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Museum of Natural History of Utah: Must Love Dinos



Had things gone differently, this might have been a culminating week for me. ---

Six years ago, I nearly took a job at the Museum of Natural History. I was copy editor at City Weekly at the time and feared I'd reached the zenith of my journalistic career. Plus, I'd always had a soft spot for dinosaurs.

The job sounded good. The museum had outgrown its 89,000-square-foot historic home (originally built as the George Thomas Library on the U of U's Presidents Circle) and was planning a new building in Research Park. Had I taken the job, I would have helped the PR director let people know that a new, one-of-a-kind, 163,000-square-foot architectural wonder was being built and the museum would be moving there. Plus I would have publicized school programs, movie nights and exhibits -- events the museum was long known for. And the cherry on top: I might have been in the thick of things with the U's paleontologists and their new fossil discoveries.

Not bad work if you can get it.

But there's a down side with PR, one that's fraught with moral dilemmas. There's the crisis, and the haters. The people who screw up. (Ask Joe Paterno.) Some folks don't like tax hikes to pay for public buildings. Others don't like development. You need to be able to explain things like:

  • * The need to give your identity to a multinational mining company. The museum is now known as the "Rio Tinto Center" after the international parent company of Kennecott Utah Copper. The copper mining company, which had a 30-year history of museum support, gave a $15 million donation that included 68 tons of locally mined copper that was fabricated into a copper skin for the building.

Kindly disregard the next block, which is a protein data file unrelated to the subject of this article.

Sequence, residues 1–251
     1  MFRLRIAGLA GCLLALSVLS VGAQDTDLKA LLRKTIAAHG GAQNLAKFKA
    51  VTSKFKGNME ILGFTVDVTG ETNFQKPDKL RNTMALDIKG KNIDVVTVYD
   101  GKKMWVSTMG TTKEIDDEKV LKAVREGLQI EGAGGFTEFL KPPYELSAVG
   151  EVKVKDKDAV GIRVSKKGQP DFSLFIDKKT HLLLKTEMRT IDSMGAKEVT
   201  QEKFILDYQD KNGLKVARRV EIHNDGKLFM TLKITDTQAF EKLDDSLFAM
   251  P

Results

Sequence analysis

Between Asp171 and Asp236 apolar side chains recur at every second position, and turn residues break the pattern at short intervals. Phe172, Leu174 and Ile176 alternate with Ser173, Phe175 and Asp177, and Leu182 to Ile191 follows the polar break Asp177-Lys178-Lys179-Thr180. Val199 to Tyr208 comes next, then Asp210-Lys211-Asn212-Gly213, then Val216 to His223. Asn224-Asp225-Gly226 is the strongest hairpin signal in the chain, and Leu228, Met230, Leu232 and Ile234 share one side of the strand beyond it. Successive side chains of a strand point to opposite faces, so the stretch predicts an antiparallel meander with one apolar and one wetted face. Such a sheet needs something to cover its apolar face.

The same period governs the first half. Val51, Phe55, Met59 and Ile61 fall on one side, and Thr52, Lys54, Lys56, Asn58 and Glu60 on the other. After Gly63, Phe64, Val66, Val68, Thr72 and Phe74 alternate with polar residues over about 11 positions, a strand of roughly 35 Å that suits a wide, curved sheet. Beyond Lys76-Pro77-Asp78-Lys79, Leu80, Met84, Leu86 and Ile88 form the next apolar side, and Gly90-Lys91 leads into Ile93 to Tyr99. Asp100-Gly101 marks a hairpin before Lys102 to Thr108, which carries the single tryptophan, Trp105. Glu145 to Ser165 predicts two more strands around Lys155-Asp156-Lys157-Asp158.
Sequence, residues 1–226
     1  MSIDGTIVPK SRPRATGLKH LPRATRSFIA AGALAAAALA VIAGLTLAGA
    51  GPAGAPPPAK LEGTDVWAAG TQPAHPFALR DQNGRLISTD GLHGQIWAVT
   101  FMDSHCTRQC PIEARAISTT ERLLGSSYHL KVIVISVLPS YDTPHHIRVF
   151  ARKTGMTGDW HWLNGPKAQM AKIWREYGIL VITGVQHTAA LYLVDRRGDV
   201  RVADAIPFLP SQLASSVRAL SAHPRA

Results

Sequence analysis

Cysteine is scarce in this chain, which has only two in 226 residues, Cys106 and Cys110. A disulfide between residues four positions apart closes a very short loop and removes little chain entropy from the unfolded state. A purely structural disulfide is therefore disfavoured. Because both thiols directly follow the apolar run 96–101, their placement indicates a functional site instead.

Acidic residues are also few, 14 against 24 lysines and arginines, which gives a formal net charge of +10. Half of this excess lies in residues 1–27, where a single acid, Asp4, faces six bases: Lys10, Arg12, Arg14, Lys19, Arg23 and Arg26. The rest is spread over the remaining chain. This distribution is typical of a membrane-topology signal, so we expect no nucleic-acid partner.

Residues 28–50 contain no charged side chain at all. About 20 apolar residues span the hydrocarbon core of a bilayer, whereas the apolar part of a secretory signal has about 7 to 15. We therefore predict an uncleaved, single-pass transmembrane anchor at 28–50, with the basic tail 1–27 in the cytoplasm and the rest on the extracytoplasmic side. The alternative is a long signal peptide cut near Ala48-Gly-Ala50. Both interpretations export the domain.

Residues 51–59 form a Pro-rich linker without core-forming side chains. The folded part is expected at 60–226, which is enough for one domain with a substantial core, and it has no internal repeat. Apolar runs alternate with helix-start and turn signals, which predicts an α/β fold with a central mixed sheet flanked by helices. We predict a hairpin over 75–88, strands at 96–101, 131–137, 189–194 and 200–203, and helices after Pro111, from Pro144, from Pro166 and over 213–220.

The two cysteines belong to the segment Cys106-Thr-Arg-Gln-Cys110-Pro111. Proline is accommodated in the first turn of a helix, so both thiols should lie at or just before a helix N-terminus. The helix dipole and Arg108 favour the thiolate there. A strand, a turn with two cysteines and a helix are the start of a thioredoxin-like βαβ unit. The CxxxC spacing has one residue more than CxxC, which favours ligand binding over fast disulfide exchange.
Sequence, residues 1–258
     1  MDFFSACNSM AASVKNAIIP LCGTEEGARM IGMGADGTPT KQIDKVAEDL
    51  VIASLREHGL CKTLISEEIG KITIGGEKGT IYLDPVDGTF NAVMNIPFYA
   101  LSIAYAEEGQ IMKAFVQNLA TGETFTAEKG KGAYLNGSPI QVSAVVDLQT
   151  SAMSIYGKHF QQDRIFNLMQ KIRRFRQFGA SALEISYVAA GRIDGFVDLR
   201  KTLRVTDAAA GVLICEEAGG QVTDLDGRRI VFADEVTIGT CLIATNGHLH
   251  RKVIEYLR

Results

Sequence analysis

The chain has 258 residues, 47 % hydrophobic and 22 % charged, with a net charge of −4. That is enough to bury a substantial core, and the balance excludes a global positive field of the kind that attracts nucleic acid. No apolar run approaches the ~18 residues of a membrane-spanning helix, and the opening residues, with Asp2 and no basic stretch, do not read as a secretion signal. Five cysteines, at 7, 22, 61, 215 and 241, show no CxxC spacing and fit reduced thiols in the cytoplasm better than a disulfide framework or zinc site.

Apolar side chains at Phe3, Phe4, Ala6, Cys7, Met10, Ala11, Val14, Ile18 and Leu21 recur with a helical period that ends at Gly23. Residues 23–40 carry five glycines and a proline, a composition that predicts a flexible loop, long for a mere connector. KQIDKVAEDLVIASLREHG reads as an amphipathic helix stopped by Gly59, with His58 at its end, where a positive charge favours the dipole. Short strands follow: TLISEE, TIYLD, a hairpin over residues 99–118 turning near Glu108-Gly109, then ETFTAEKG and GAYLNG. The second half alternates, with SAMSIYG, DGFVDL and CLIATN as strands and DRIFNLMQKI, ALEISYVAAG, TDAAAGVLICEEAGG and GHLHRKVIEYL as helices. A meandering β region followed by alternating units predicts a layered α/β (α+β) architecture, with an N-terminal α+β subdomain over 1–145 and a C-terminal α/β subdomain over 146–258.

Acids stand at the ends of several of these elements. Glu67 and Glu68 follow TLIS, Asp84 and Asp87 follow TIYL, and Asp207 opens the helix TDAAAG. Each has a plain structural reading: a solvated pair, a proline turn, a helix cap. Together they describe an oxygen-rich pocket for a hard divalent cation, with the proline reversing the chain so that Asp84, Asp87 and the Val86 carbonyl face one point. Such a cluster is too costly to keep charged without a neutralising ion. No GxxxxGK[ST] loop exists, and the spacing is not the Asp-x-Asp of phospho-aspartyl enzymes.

• * Why a fragile mountain foothill needed to be developed in the first place. The 17-acre site just south of Red Butte Garden, where the building is perched, was an unpopular choice for those who loved natural unfettered access to the Bonneville Shoreline Trail. It was the last of three undeveloped lots in Research Park. Had the museum not grabbed it, it's likely another corporation would have.

  • * Getting a bond passed to fund the museum. Proposition 1, the ballot measure that passed in 2010 authorizing a $15 million bond, will result in a $2.40 property tax increase on a $265,000 home in Salt Lake County. Rep. Carl Wimmer, R-Herriman, spoke against the bond, objecting to a tax increase during a recession. Sen. Howard Stephenson, R-Draper, also complained that attempts to influence the bond vote through postcard mailings (paid for by a political issues committee Natural History Now) and the museum's highway billboard campaign launched just months before the museum closed were paid for by organizations that received public funding.

Obviously, I didn't go -- I stayed with City Weekly. My life got better. The museum broke ground for construction in 2008 and went dark at end of 2010 in preparation for the move. Six years ticked by. And once in a while, I wistfully thought about dinosaurs.

Yesterday, I found myself on a media tour of the new museum. Exploring the ten galleries teeming with historical objects, maps, globes, butterflies and minerals, I confess to feeling a secret exhilaration. I had no special tie to the place, no job, no membership, no privilege. But it was my museum. These were my building blocks, what makes me "me."

It's hard to be objective about the place. Not because they once offered me a job and almost lured me away from a company and profession that I love. But because of what surrounds you: what their staff calls "the DNA of Utah."

While at a recent journalism dinner discussing industry trends, City Weekly's founder John Saltas referred to me and a few other local journalists in attendance as "dinosaurs." Some were infuriated by the comment, with one Salt Lake Tribune columnist telling Saltas to "put a sock in it."

It wasn't meant as a compliment. Anyone working for a newspaper is faced with adapting to digital imperatives or going extinct. Still, my mind imagined the life-size dinosaur mounts at the museum -- ferocious ancient bones that continue to draw perennial awestruck crowds. Long dead -- more than 65 million years since any such reptile roamed the planet -- they give puny human beings a reason to part with $100 million and build a copper temple in which to worship them.

(photos by Jerre Wroble)